Driveways, garage floors, and sidewalks are just some of the ways in which concrete is used on the construction site. Anytime concrete is drilled, jackhammered, or polished using dry methods the dust that is generated should be considered harmful since concrete contains silica.


Constructing a kitchen that makes use of natural granite either for the countertop or some other surface(s) is another way that professionals may be exposed to harmful construction dust. This is because natural granite contains a large amount of quartz, which is a silica-containing substance.


Tiling, as mentioned above has the potential for generating dust not only by cutting the tiles. The grout also has the potential of exposing the workers to harmful dust on the construction site.


We already mentioned that bricklayers contend with silica in the bricks. But the mortar also has the potential for harmful dust since it is composed of a mixture of substances, one of which is sand, a silica rich substance.


If you weren't sure whether pavers are a potential generator of construction dust that is harmful, they are made of concrete. Since they are a concrete product, when pavers are cut, drilled, or shaped, the dust generated is potentially harmful.


Even though quartz is an engineered stone that has a portion of its composition coming from resin materials, it also is made up largely of quartz mineral dust. So, when it is cut, dry polished, or drilled, its dust is harmful if breathed.


The natural stone quartzite is the product of sandstone that has been changed into a new natural stone via metamorphosis. Sandstone is by definition high in silica content. Therefore, quartzite contains large amounts of silica. Dust generated from working with quartzite is another form of harmful construction dust.


Many of the previously listed materials are actually harmful because they consist of this material. Sand is a substance that contains high levels of silica. Grout, concrete, mortar, blocks, pavers, and many other materials on the construction site contain sand.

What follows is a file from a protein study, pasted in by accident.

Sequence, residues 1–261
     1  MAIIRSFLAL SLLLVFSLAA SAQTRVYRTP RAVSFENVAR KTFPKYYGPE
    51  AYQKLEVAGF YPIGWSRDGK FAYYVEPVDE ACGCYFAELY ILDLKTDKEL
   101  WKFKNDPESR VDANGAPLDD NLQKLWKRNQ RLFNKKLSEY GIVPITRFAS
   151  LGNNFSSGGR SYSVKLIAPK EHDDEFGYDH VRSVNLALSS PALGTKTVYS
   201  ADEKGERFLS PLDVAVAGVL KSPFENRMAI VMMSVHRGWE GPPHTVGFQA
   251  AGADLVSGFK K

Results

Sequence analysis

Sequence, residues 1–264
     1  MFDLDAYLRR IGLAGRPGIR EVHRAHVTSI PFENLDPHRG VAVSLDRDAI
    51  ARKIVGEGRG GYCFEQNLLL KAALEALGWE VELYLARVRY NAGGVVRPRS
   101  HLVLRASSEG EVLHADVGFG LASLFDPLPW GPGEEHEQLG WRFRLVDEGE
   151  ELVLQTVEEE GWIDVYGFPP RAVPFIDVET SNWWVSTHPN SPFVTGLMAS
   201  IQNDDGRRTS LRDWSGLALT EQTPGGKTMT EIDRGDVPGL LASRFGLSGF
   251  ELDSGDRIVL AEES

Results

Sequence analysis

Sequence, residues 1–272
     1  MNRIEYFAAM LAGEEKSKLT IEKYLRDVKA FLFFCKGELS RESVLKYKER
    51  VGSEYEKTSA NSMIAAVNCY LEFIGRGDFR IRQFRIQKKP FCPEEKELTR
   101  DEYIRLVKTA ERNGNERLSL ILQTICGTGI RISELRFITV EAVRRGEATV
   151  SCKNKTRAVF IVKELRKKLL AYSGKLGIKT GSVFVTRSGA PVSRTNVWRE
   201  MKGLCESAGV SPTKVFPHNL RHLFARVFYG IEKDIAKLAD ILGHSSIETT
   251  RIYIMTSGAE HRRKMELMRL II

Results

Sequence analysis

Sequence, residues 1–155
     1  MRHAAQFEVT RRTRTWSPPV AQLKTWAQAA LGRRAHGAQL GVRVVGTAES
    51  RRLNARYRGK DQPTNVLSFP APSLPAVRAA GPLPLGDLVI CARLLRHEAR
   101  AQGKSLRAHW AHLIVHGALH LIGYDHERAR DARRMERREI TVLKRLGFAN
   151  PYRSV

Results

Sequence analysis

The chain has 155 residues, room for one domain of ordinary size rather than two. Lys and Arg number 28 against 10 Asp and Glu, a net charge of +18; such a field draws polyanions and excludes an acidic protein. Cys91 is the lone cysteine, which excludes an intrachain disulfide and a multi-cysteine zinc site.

Natural slate is used for a variety of architectural features. Surfaces such as floors, countertops, siding, and even roofing tiles are made from slate. It is though, a material that contains silica and therefore must be worked with carefully.

Construction Tasks That Generate Harmful Dust

Now that we have mentioned a few of the materials having the potential for being harmful construction dust generators, let's take a look at how the task being performed plays a role in how construction sites can be an environment with harmful dust. Here is a list of some of the tasks that, when performed on materials containing respirable crystalline silica produce harmful dust.

  • Chipping
  • Drilling
  • Cutting
  • Polishing
  • Grinding
  • Chiseling
  • Milling
  • Tuck Pointing
  • Scarifying
  • Clean Up


handheld chipping tools and jackhammers are designed for breaking up very hard materials. Of course chipping the materials in the list above is what produces the harmful dust we have been talking about. The dust in turn, can have detrimental effects on workers and other people in the vicinity of where the work is being done.


Drilling is a task that is performed on a variety of materials. Stone, concrete, wood, porcelain, and other hard surfaces require drilling. When drilling materials that have the potential for generating harmful dust, workers must be aware of what techniques to use to maintain a safe work environment.

Fabrication Work